Filial Therapy- Play Therapy with the Parents
* Filial therapy is a special kind of play therapy. Literally thousands of families have been helped by this method developed by Bernard and Louise Guerney in the 1960s. It is a unique therapeutic method that involves parents and caregivers directly as the agents of therapeutic change.
* Many Play Therapists practice some form of Child-Centered or Non-Directive Play Therapy. Filial therapy is a closely related form of Child-Centered Play Therapy. In traditional Child-Centered Play Therapy, the trained play therapist meets with parents or caregivers first and then works on his/her own with the child for a number of weeks or months. Every four weeks or so the Play Therapist meets with the parents to give feedback and discuss the child's needs and progress by focusing on the themes and meaning of the child's play rather than the details. The child's play sessions are private and the child forms an attachment relationship with the Play Therapist who is deeply listening to the child's expressed concerns during the non-directive play sessions.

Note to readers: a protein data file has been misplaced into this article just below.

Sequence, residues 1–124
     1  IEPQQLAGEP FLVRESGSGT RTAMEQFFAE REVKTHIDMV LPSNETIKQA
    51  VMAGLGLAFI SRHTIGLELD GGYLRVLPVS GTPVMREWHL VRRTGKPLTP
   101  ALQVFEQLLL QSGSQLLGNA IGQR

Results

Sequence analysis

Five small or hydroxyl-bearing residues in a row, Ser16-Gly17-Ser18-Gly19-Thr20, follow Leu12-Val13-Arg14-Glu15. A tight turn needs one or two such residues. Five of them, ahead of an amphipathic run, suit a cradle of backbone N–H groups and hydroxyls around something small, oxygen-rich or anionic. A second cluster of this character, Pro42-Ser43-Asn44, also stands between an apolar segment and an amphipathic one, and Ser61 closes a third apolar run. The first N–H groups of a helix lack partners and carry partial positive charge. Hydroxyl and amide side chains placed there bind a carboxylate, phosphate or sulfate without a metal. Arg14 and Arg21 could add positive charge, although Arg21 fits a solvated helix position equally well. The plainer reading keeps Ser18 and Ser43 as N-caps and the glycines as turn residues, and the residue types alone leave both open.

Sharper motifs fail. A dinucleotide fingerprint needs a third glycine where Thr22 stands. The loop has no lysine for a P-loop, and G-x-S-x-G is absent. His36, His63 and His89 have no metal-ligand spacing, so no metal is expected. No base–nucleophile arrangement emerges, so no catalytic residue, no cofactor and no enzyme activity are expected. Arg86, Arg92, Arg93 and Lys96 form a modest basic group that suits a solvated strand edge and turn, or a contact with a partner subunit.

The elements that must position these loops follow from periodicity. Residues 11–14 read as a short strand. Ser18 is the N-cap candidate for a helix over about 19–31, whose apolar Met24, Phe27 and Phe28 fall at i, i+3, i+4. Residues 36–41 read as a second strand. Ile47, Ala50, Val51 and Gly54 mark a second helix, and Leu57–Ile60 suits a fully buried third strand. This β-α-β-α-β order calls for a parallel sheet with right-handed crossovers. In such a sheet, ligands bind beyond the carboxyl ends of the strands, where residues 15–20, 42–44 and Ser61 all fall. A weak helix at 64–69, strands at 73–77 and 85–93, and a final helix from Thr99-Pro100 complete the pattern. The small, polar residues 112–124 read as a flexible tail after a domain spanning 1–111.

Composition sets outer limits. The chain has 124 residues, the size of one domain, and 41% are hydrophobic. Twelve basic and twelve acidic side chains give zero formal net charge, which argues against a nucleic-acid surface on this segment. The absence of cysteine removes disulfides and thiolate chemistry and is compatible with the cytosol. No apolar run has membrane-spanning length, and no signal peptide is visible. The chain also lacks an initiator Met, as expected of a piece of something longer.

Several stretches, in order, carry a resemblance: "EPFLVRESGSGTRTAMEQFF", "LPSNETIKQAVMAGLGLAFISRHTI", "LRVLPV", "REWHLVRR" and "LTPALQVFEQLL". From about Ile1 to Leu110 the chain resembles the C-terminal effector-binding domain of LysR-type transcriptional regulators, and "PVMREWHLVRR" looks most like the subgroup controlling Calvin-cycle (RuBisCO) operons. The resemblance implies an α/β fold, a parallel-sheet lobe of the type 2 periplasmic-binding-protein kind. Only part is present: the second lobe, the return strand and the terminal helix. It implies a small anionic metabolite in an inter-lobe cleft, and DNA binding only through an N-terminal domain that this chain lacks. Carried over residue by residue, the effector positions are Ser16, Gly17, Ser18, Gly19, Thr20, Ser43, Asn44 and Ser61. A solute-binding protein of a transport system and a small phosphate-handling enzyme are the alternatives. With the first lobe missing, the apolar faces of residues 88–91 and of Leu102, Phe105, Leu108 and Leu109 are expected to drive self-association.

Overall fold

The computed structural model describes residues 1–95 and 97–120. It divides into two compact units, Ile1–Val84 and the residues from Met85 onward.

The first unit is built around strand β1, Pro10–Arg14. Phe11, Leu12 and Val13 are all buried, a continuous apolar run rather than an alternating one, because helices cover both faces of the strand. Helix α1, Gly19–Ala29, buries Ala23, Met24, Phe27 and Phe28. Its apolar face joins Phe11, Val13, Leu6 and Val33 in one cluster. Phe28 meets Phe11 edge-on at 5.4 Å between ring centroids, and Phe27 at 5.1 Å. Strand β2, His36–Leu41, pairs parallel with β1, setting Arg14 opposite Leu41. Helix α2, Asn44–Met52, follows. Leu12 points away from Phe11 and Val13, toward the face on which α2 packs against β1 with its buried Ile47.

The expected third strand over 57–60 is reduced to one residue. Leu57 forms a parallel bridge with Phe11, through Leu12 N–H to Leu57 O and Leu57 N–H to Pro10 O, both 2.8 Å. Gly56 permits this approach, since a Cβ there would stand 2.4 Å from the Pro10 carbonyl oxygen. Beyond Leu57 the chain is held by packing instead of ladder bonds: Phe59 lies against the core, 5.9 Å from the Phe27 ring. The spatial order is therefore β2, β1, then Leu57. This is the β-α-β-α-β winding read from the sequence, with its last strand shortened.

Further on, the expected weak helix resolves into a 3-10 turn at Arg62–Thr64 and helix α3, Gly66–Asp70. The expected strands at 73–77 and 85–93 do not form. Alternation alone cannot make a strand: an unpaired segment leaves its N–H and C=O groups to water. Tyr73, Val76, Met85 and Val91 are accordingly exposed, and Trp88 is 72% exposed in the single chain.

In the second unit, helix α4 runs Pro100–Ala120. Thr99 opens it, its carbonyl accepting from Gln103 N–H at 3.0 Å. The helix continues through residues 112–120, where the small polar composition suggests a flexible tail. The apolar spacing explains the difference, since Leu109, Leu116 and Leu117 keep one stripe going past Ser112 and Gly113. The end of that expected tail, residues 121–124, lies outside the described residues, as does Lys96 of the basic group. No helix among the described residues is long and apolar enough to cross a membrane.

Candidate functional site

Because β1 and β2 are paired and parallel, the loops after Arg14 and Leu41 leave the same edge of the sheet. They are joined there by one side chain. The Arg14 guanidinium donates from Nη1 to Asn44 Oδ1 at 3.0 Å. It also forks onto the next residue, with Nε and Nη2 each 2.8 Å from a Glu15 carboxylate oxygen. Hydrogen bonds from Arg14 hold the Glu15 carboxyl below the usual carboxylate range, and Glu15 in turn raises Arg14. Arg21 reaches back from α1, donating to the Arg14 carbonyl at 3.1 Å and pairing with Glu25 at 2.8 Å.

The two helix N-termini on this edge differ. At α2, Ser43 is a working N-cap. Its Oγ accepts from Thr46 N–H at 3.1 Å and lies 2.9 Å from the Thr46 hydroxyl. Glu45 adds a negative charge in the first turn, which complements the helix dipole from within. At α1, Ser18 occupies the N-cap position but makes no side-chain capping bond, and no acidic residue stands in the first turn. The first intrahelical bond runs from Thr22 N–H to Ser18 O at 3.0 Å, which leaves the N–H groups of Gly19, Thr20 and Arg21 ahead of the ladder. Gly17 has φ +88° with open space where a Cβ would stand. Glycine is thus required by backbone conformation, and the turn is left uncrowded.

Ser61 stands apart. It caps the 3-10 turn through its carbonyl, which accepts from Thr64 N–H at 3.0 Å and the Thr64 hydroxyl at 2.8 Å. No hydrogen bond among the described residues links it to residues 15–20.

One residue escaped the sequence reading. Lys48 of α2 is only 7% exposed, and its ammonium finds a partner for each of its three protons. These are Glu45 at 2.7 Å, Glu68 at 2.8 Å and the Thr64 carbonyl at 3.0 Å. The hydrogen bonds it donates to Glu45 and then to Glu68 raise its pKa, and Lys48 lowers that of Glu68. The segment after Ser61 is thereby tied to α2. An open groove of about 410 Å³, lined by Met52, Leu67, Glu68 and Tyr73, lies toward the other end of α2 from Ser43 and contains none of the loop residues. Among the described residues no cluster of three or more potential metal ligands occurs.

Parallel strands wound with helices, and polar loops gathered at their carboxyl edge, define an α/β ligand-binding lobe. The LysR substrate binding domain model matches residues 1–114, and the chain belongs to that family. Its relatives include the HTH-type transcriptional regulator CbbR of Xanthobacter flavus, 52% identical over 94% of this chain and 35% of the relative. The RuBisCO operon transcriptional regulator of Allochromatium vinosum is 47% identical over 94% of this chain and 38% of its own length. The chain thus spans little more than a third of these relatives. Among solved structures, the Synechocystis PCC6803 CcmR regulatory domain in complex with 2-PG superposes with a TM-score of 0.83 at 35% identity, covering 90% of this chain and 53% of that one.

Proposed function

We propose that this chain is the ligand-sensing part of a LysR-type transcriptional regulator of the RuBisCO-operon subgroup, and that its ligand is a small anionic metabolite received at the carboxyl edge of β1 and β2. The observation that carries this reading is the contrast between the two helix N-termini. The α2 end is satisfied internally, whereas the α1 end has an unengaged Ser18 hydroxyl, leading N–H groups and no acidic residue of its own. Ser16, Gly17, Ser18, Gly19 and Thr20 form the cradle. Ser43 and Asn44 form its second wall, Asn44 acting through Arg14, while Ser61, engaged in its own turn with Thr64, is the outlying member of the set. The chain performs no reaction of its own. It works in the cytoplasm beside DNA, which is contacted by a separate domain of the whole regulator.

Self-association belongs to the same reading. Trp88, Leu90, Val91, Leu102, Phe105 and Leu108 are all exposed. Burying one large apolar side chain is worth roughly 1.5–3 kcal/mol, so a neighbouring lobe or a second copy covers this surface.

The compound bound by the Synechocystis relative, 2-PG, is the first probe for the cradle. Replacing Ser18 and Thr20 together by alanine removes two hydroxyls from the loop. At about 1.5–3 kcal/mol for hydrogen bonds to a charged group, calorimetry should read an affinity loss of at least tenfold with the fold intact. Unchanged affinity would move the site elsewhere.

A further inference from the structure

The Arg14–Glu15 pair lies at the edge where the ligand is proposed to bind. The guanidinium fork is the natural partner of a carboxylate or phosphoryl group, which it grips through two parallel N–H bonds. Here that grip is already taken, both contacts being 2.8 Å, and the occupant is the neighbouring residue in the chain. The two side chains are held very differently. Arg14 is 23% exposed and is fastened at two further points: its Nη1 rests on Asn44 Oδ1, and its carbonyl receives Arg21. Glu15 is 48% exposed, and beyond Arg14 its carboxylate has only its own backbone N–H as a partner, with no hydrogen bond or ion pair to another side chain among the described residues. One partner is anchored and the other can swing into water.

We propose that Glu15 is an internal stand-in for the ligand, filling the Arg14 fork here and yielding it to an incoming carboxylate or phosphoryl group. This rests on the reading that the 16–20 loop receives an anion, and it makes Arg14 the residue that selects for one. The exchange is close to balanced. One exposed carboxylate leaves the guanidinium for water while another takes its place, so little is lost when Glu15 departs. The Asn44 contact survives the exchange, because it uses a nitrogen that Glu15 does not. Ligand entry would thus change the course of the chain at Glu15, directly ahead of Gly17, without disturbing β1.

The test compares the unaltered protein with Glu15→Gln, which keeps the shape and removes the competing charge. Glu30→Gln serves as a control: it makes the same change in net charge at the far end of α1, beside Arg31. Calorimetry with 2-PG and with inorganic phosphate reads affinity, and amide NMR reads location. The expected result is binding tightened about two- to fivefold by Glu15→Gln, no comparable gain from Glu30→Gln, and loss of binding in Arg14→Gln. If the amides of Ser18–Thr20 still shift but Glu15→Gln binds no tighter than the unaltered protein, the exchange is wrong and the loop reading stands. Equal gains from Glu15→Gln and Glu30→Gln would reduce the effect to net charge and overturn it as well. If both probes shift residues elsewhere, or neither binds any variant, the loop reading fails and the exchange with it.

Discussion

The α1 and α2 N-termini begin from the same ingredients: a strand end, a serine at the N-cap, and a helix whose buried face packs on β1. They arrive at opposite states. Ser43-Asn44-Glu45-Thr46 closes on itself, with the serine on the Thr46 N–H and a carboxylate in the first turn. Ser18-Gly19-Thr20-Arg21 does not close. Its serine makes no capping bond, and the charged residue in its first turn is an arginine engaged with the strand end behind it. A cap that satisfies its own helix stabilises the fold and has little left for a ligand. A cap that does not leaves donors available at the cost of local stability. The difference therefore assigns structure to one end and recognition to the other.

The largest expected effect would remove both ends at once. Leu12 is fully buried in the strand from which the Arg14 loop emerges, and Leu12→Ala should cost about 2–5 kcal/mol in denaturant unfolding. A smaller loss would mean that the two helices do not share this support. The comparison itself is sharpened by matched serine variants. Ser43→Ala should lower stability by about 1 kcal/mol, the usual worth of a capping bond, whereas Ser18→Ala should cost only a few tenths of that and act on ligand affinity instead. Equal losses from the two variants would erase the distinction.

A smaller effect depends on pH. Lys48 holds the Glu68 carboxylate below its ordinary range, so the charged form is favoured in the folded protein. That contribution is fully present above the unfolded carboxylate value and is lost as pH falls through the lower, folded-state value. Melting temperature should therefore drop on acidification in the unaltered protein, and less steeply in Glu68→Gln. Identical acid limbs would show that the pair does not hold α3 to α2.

* In Filial therapy, parents are trained to conduct non-directive play sessions, usually referred to as "special play time", with their child. The training process itself is positive and playful. Subsequently, the parent conducts these non-directive play sessions with their child under the supervision of the Therapist, thus deeply hearing the child's concerns and consequently strengthening the attachment with their child.
* Filial Therapy usually takes 3-6 months to complete, and may last longer with follow-up sessions. It is suitable for children between the ages of 3 and 12 years old. Filial therapy is a very flexible model. As long as the essentials are taught to parents and the parents follow through, it can be adapted in various ways to meet the circumstances.
* Filial Therapy has been used successfully with many child and family problems: oppositional behaviors, anxiety, depression, perfectionism, abuse/neglect, single parenting, traumatic events, attachment/adoption/ foster care, relationship problems, divorce, family substance abuse, family reunification, chronic illness, and others